Cultural Predispositions

It turns out that certain “rules” regarding colors and the associated emotions are based on personal preferences that are usually (forgive the pun) colored by cultural influences.

Color selection for large web-based audiences therefore becomes a study of common human agreements on the roles certain colors play. And while these roles may seem obvious, from a historical perspective they are in constant flux.

Etching: A young Queen Victoria and Prince Albert


For example, in contemporary European-influenced culture, wedding dresses are white, supposedly to convey purity. But the association of white with purity is a relatively new development, as the traditional color of purity was blue.

The change from blue to white started with Queen Victoria’s wedding in 1840, where she wore a white wedding dress. Up to that point, wedding dresses were of no particular color, but because the Queen of England had such a powerful social influence, marriage dresses quickly transitioned to white.

And as white wedding dresses caught on with popular culture, the association of white with purity soon followed.

The above example demonstrates that our predisposition of color is in constant flux, and website designers concerned with the proper choice of color would be wise to understand the contemporary colors associated with the type of business served by the website.

To that end, the diagram below, courtesy the Logo Company, conveys some of the more popular color associations of today, along with company logos built around them:

Color emotion guide

Diagram courtesy the Logo Company,

More specifically, contemporary western culture makes the current associations:

  • Red – Love, Excitement, Lust, Hunger, Bold, Youthful, Urgency, Danger, Romance, Warmth, Quickness, Negative Issues
  • Black – Stability, Credibility, Strength, Power, Precision, Professional, Accuracy, Sophistication, Grief, Fear, Submissiveness
  • Brown – Nurturing, Historical, Safety, Conservative, Reliable, Ruggedness
  • Violet/Purple – Authority, Royalty, Spirituality, Mystery, Magical, Religious, Sensuality, Love, Wisdom, Creativeness, Imaginative, Springtime
  • Yellow – Energy, Clarity, Warmth, Innovation, Drive, Dynamic, Competence, Happiness, Optimism
  • Green – Organic, Natural, Youth, Education, Adventure, Ecological, Calmness, Healthy, Peaceful, Summer, Envy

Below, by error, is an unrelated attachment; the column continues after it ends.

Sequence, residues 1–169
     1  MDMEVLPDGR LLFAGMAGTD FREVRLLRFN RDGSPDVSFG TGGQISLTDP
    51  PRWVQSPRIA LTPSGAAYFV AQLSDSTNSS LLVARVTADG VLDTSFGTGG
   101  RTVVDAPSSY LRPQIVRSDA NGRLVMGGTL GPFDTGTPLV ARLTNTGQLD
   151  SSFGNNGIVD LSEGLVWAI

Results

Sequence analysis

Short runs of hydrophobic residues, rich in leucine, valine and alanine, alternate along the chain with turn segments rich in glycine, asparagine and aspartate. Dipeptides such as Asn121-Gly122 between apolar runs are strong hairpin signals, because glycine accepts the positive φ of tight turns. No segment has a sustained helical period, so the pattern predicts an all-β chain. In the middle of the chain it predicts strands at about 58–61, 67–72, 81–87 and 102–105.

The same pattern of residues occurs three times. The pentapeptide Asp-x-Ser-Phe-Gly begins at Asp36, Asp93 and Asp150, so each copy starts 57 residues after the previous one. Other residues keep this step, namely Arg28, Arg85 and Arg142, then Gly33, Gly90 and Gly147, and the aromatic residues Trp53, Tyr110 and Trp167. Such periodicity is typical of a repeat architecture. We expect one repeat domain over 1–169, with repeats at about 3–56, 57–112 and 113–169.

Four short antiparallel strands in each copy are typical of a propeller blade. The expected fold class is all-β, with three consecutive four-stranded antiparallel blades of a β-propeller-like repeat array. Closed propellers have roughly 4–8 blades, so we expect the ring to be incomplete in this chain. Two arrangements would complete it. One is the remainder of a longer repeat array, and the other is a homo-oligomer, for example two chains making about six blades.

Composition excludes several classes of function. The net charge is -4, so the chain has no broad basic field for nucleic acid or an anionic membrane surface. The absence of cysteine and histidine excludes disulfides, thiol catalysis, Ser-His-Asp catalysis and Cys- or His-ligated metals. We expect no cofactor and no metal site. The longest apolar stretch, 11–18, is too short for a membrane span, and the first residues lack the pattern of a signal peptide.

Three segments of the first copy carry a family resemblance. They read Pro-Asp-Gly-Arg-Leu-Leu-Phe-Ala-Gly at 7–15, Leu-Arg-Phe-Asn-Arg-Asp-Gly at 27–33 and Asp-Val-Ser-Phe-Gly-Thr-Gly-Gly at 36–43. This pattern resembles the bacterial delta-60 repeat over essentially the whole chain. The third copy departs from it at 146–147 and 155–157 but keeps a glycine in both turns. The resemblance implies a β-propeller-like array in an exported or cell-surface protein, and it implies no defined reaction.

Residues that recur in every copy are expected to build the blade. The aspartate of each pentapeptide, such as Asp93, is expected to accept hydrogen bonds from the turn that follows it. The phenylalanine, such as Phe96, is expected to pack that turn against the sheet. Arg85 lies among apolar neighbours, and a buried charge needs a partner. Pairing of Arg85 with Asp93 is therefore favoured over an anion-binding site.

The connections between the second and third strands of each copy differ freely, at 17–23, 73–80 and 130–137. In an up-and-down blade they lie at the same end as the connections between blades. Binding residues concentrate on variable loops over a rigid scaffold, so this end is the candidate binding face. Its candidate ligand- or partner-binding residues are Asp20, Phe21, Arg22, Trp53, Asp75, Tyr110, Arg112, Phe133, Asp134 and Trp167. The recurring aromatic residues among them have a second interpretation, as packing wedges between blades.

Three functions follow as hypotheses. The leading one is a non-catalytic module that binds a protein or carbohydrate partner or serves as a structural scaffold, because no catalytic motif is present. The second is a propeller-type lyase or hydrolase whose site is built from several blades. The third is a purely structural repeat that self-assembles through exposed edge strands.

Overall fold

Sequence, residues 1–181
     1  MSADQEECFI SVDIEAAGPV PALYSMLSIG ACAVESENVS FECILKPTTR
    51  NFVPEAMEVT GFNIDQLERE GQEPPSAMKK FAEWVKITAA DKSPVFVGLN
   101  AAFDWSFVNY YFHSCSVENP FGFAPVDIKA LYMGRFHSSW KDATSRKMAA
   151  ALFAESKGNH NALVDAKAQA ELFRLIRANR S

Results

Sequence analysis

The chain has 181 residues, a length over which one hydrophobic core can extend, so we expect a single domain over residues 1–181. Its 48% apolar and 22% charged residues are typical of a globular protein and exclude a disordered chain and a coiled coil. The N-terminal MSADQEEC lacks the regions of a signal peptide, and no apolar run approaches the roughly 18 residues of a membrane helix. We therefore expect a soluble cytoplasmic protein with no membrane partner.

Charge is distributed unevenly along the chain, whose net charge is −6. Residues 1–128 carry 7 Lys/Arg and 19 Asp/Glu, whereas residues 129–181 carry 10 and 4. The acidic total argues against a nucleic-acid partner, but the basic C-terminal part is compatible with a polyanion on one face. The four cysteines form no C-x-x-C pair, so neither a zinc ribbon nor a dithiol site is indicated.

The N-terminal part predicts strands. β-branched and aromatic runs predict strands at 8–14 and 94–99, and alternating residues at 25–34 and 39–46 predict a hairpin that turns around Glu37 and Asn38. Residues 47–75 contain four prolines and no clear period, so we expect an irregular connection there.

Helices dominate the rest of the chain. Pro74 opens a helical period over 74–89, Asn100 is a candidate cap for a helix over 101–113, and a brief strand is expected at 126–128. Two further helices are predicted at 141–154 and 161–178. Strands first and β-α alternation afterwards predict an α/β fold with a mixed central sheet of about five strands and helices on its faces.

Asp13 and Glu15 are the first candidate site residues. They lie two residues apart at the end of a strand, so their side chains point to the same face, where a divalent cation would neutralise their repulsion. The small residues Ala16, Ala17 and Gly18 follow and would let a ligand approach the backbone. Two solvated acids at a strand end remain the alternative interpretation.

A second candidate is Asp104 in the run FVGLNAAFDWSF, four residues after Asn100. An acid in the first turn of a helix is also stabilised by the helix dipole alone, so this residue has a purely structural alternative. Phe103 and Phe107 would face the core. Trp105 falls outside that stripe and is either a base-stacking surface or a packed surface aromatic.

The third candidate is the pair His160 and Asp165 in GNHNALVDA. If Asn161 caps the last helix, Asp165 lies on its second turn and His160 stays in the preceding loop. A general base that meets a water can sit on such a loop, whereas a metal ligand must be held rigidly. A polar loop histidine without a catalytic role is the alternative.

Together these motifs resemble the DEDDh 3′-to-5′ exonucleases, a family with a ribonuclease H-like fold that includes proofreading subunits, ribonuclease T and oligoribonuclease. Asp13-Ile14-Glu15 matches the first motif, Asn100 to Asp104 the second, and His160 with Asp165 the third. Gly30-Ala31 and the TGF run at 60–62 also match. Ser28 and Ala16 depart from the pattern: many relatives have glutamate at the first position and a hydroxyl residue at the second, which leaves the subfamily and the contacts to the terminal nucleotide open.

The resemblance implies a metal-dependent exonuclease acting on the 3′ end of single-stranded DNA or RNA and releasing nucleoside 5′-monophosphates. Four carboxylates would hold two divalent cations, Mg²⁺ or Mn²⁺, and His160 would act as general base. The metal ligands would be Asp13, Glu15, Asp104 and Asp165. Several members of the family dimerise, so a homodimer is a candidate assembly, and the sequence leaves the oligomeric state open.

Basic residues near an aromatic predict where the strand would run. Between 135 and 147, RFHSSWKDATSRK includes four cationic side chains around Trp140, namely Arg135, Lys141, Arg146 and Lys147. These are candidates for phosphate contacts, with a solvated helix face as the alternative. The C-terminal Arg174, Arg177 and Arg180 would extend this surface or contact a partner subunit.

• Orange – Creativity, Dynamic, Energetic, Expressive, Innocence, Enthusiasm, Autumn, Introspection
  • Blue – Credibility, Calmness, Trust, Dependable, Cleanliness, Medicine, Power, Judicial, Professional, Masculine, Competency, Quality, Big Company, Winter
  • White – Happiness, Purity, Sincerity, Cleanliness, Clinical, Medicinal, Balanced, Spacious, Simple, Easy, Fresh, Winter

Keep in mind that the above associations represent a cultural snapshot in time as well as geography.

As websites become increasingly global, the cultural differences on color may converge; however, they’ll continue to change over time, so website designers should be aware of the latest societal influences and be prepared to refactor their website colors accordingly.

Also keep in mind that absolute colors attract absolute mindsets, and this gives rise to some differences in the genders.

Studies have shown that men are tuned into absolute colors and are fairly blind – or simply don’t care about – slight variations in hue. (An interesting infographic on this topic can be found on the KISSmetrics blog.)

For example, men are likely to refer to “magenta” and “salmon” as “pink.” Contrarily, women are more tuned into softer tones; that is, colors with subtle variations in hues.

One could therefore argue that while absolute colors have cultural and temporal significance, it’s not wise to choose an absolute color for your website; rather, use the absolute color as a basis for choosing colors that are related but not exact.